History of the village

Today Santo Stefano di Sessanio is one of the hundred most beautiful villages in Italy and is also one of the jewels of the Gran Sasso- Laga National Park.

The Sextantio name is referred to a Roman village, located where the actual cemetery is, situated about 6 miles from Peltuinum, the biggest centre of Navelli (plain).
The first settlement dates back to the year 1000 and its foundation was due to the presence of a Benedictine monks community on Campo Imperatore.

In 1308 we have the first documentation of the existence of Santo Stefano di Sessanio as a fortified village. The urban enclosure structure is due to defence reasons, typical of the feudal era; The subsequent structure, rather evident in the settlements scattered throughout the countryside, comes from their agricultural economy.
The current urban arrangement dates back to medieval times, when the battlement phenomenon was developing: a landscape characterized by high dwellings, surrounded by a fortified perimeter wall that nowadays can be considered one of the most historic and topographical feature of Central Italy.
Between the end of XIII and the beginning of the XIV century the wide Baronia di Carapelle feudal dominion was forming and included, amongst others, Santo Stefano for its strategic role: it was the first centre of the Baronia, bordering the Contado aquilano, and thus useful to control the route from Barisciano. In 1415 the feud was given to Antonio Tedeschini Piccolomini, Count of Celano.

The Piccolomini family maintained the village for over 150 years, until 1579; Then Costanza, the Innico Piccolomini only daughter, handed the Baronia di Carapelle to Francesco de ‘Medici, Grand Duke of Tuscany in 1579. He dedicated the village to Santo Stefano I, a Roman pope who died in 257, and to whom his father Cosimo I titled – in 1561 – a religious knighthood order in memory of the victory of the Frenchmen at Marciano della Chiana on 2nd August 1544 (the day of the saint’s celebration) during the Siena war. The Medici Family, at the foot of the medieval observation tower erected at the highest point of the slope, drew a defensive perimeter of wall-houses (external houses compared to the housing unit whose walls coincides with the walls of the village itself) characterized by an elliptical shape. They also opened the main gates to the village.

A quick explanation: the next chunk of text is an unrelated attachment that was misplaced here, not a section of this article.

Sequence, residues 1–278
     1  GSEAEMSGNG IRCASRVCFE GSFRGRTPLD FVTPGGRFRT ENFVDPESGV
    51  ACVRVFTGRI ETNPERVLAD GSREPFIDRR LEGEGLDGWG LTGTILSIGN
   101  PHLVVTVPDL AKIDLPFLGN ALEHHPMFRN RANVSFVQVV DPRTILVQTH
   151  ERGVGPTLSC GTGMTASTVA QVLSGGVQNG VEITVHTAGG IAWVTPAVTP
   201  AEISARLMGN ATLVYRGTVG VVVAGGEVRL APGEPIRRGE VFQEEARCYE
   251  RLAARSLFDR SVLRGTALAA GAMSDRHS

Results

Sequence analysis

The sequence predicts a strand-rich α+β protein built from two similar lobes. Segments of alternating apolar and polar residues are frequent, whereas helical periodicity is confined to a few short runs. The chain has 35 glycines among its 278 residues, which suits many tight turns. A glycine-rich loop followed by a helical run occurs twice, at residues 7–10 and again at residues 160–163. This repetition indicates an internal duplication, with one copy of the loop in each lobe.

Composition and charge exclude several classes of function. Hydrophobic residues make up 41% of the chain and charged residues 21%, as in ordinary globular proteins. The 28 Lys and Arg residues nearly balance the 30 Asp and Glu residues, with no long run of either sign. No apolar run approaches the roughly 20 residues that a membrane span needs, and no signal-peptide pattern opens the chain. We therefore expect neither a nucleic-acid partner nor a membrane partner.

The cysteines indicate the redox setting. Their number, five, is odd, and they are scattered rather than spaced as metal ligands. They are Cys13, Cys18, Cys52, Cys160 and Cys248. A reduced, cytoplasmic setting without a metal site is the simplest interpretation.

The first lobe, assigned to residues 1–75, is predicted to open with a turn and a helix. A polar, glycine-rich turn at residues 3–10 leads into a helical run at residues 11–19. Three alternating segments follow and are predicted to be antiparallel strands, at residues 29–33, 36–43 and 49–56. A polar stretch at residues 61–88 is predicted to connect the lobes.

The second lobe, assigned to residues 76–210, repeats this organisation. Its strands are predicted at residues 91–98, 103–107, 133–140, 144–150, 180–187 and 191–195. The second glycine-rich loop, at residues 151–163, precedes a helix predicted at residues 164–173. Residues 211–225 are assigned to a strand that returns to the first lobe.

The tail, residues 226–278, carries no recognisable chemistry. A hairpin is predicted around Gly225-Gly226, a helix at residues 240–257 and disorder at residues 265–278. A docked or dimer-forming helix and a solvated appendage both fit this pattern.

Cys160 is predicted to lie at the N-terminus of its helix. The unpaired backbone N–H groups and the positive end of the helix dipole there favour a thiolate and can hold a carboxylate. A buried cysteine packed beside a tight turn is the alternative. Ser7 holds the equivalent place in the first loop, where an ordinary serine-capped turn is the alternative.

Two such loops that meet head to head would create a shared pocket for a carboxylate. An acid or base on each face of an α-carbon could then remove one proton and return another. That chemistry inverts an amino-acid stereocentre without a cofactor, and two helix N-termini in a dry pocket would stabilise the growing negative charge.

The Medici family memory is today alive because of the many architectural evidences which can still be appreciated; their coat of arms (six balls into an oval field) stands on the eastern door and on numerous buildings decorated with double-arched windows and loggias, dating from their domination; Several of these are “vaulted” and under the arches, a maze of lanes leads to the tower, from whose top you can enjoy the view of the village below till the Gran Sasso and Maiella tops. In those years Santo Stefano reaches its peak as the hub of the Florence Signoria for the flourishing trade of wool – produced in this area and worked in Tuscany – sold all over Europe. It was the famous black wool (called carfagna) that droves many Florentine merchants to increase their business in these areas.
This bond, first with Florence and then with the rest of Europe, was based on the merchant’s importance of the local economy raw material: the wool. This would explain how in these territories with such a poor agriculture, villages of remarkable consistency and prosperity were born. Still today we can admire the quality and the architectural pattern of some buildings.

After two centuries of Medici’s possessions, in 1743, Santo Stefano di Sessanio became part of the Kingdom of the Two Sicilies as a private asset of the King of Naples. In 1810, after the passage to the King of Naples, the Baronia territory was divided into five districts, including the Santo Stefano one. As a result of the Unification of Italy and the privatization of the Tavoliere delle Puglie lands, the transhumance millennial activity ends and a decaying process of the village begins due to the emigration phenomenon and population decrease.
During the Second World War, the village was used as a privileged observation point by German troops who settled their headquarter in the “Captain’s House”. The Tower allowed to see the movements of troops for many kilometers, thus renewing its original function. Depopulation continued even after the end of the Second World War, drastically reducing the resident people number. Today, the village has about 120 inhabitants, mostly elderly. In the seventies of the twentieth century there was a significant decline in the economic activities of the area, worsen by the unfavourable geographical position.